Baltic far right attempts to rewrite history

Estonian Nazis parade on July 30, 2011.

By Rupen Savoulian

August 12, 2011 -- Antipodean Athiest, posted at Links International Journal of Socialist Renewal with the author's permission -- Early in August, a major World War II anniversary was marked in Europe; August 1 was the 67th anniversary of the heroic Warsaw uprising by the Polish underground resistance movement against Nazi German occupation forces. I raise this anniversary to highlight the importance of commemorating the courageous struggles by the peoples oppressed by the Nazi regime, and to underscore the importance of historical debate for comprehending the tremendous social forces that have shaped the world today.

My point is not to just go over old historical ground, but to highlight a growing problem; Baltic ultranationalism which has mutated to outright neo-fascism.

Audio: Who was Rosa Luxemburg?

July 15, 2011 -- Rosa Luxemburg was a revolutionary icon, a pathbreaking Marxist theorist and, according to the editors of Verso's new volume of her correspondence, a "fanatical" letter writer. Essayist, memoirist and critic Vivian Gornick, author of The Men in My Life and Fierce Attachments, who also reviewed the new voluime for the US Nation, and Paul Le Blanc, professor of history at La Roche University and editor of Rosa Luxemburg: Reflections and Writings discuss -- and debate -- what Luxemburg's letters can tell us about women and communism at the dawn of the Soviet era.

The discussion is hosted by Marissa Brostoff from the Beyond the Pale radio program. It was broadcast on June 12, 2011.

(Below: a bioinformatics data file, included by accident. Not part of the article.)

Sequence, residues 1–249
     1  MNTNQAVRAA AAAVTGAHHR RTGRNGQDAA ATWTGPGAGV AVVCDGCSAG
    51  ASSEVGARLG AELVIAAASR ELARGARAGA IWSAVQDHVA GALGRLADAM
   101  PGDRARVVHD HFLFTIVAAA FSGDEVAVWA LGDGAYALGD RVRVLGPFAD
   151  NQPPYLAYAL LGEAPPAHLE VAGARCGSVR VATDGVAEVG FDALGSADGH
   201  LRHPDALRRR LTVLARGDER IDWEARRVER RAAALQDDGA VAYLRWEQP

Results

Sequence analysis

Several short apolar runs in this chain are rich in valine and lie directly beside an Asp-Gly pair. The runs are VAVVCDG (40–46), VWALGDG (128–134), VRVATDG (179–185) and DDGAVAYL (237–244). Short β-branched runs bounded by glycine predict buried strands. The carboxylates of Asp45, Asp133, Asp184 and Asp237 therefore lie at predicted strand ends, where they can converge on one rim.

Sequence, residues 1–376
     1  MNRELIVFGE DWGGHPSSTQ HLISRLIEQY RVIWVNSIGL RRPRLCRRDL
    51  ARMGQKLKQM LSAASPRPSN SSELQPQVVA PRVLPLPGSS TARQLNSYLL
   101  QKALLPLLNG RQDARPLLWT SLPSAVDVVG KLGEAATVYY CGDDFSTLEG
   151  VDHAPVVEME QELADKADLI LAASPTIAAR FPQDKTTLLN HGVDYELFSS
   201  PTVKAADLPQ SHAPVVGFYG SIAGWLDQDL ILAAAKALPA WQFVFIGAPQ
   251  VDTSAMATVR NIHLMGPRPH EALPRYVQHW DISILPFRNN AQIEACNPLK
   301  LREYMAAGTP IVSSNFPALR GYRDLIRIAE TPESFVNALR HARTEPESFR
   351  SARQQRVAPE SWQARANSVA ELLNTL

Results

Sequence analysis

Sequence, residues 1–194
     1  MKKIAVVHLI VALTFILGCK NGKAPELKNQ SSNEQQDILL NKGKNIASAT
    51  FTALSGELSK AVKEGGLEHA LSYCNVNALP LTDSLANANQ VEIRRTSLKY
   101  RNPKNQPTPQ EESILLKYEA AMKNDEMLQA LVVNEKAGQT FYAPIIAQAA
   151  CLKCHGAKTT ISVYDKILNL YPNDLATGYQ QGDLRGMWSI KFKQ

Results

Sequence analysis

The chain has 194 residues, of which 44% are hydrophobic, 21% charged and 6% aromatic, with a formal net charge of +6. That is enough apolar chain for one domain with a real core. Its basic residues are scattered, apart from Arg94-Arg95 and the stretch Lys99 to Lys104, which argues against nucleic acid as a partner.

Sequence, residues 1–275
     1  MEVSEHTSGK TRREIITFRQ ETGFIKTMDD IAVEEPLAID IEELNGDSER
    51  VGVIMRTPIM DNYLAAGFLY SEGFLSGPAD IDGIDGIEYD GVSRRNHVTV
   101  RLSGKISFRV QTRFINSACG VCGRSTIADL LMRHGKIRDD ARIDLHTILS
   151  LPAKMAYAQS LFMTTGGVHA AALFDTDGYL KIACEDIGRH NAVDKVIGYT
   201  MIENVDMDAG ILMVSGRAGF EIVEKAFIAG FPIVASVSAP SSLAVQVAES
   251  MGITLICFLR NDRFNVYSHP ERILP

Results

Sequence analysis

Greece: 20 popular fallacies concerning the debt crisis

By the Rosa Luxemburg Foundation (Germany)

July 9, 2011 -- It’s that time again! Greece needs more loans and governments in Europe are arguing about whether it’s really necessary and who should foot the bill. There is widespread opinion in Germany that Greece itself is to blame for the problems it now finds itself in. It is claimed that first of all cheated its way into the eurozone, then the government spent too much and the governed worked too little, many believe.

Latently nationalistic interpretations of this kind have been nourished by German politicians and the media, who have no end of proposals for how to "solve" the crisis. For example, the Greeks should save more, work more and sell their public property – and if all of these measures do not help, then Greece will just have to leave the eurozone or declare itself bankrupt.

The stupid thing is, neither are the causes of the crisis that have been named are correct, nor will the proposed ways out of the crisis achieve their goal.

The Rosa Luxemburg Foundation has produced Sell your islands, you bankrupt Greeks! to explain the truth about the fallacies being spread about the causes of the Greek crisis, and who is responsible.

Paul Le Blanc: Marxism and organisation

By Paul Le Blanc

This presentation was given at the Chicago educational conference of the US International Socialist Organization, Socialism 2011, on the July 2-3, 2011, weekend. The text first appeared at Europe Solidaire Sans Frontières.